The Function and Symbolism of the Inspector in J.B. Priestley's An Inspector Calls
In Â“An Inspector CallsÂ” by J.B. Priestley the Inspector is used as a
voice of conscience and morality. The Inspector does this while
interrogating a very prosperous and upper-middle class family who
believe themselves to be above all.
The dramatic impact that Priestley uses shows the importance, validity
and presence of the inspector. Priestley uses effects such as changing
the lighting Â“The lighting should be pink and intimate until the
inspector arrives, and then it should be brighter and harderÂ” in the
stage directions. This is to show the change of tone when the
inspector arrives, from joyous and loving to earnest and grave. This
lighting change also symbolises truth and Â‘the harsh light of
realityÂ’. His body language is very confronting and serious. Â“Has a
disconcerting habit of looking at the person he addresses before
actually speakingÂ” This shows the Birlings that he is not playing
games and is making sure they know why he is there. The inspector is
omniscient; he knows everything, although he is still questioning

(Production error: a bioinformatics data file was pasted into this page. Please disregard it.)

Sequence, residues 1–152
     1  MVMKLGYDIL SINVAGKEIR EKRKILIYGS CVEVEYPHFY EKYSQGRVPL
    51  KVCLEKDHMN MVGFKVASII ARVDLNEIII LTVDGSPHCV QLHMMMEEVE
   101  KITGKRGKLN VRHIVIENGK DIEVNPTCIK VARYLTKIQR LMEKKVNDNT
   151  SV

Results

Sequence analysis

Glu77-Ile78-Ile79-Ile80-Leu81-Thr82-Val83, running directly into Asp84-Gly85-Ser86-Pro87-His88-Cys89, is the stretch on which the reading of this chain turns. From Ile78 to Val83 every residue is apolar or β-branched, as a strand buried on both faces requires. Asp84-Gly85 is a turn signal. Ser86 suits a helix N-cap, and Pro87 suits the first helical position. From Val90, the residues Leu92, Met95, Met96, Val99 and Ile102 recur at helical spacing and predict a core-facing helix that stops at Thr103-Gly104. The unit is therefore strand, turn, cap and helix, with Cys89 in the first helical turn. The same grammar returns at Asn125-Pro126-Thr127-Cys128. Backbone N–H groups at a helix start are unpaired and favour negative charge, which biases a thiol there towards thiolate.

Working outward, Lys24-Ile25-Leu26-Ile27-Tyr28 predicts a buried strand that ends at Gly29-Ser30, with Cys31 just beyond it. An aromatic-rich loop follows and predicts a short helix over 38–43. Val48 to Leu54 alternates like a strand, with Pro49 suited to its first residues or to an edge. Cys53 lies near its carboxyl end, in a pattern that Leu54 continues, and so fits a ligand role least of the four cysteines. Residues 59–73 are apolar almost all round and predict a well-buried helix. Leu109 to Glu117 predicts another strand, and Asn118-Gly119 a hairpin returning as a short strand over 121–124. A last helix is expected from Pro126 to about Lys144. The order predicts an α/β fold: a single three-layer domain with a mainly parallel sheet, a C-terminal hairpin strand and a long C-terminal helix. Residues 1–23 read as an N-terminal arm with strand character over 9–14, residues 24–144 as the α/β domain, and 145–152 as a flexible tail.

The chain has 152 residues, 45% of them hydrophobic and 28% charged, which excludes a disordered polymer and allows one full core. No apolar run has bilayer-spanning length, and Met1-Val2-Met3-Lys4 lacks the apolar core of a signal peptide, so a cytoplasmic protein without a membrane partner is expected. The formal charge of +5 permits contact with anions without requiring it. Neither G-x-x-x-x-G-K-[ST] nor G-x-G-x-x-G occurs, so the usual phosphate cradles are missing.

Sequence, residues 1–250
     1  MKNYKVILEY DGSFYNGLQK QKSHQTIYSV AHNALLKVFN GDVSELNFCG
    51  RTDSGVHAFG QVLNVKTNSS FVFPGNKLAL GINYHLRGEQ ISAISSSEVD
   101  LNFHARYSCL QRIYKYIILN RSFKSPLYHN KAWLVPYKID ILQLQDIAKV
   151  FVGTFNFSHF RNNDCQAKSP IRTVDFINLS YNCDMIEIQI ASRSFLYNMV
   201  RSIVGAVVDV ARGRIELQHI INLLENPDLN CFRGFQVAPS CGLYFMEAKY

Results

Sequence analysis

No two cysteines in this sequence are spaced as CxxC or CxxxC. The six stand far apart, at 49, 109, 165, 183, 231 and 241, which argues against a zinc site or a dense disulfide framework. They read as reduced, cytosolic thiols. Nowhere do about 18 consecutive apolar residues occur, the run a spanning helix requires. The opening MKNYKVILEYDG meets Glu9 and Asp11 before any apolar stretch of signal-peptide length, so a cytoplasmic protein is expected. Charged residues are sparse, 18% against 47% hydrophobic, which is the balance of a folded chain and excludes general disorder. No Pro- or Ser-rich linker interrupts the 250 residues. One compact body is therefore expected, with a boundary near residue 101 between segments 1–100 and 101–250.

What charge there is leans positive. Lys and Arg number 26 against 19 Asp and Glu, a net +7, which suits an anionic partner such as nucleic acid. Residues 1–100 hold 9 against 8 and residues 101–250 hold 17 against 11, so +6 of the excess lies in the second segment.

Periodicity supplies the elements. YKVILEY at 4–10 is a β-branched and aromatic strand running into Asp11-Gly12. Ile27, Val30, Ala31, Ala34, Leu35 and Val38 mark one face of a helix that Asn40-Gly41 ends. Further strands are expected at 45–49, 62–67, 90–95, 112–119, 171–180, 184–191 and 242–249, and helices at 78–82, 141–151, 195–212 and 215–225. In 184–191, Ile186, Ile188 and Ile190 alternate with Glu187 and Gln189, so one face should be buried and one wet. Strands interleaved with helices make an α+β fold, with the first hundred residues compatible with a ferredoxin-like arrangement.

them. He keeps control of the situation so he can keep track of whatÂ’s
going on and whatÂ’s being said: Â“One line of enquiry at a timeÂ”. This
shows that he is in control and Eric and GeraldÂ’s reaction show they
are not used to being controlled.
The inspector treats the Birling family with a slight disrespect,
unlike what was expected of him at the time the play was set. He
treats the Birling family with assertiveness. He questions most of
their actions against their wishes, such as Â“Birling: I refused, of
course. Inspector: Why?Â” He threatens Mr BirlingÂ’s dominance and
complacency. He also challenges his political views and ideology. This
shows that The Inspector has no respect towards Mr. Birling.
At the beginning of the play, Sheila is very innocent. She is the
little girl of her family and she is sheltered by her parents. The
Inspector knows how to manipulate her. The Inspector unsettles Sheila
through his use of powerful, emotive language. The Inspector
challenges her morality, making her feel Â“terribly guiltyÂ”, knowing
that she could have more influence over her father than he ever could.
At the end of the play, Sheila has gone from naÃ¯ve and innocent to
more mature and more established.
The Inspector also exposes GeraldÂ’s cheating and lies. This could be a
comment on J.B. PriestleyÂ’s views of marriage. It shows that people
should be judged on their morals and principles and ethics rather than
their social status. In general, The Inspector exposes the blemishes
in the BirlingÂ’s lives. The Inspector is successful in what he does.
The BirlingÂ’s can therefore be shown to represent the upper/higher
classes and their imperfections and flaws are being...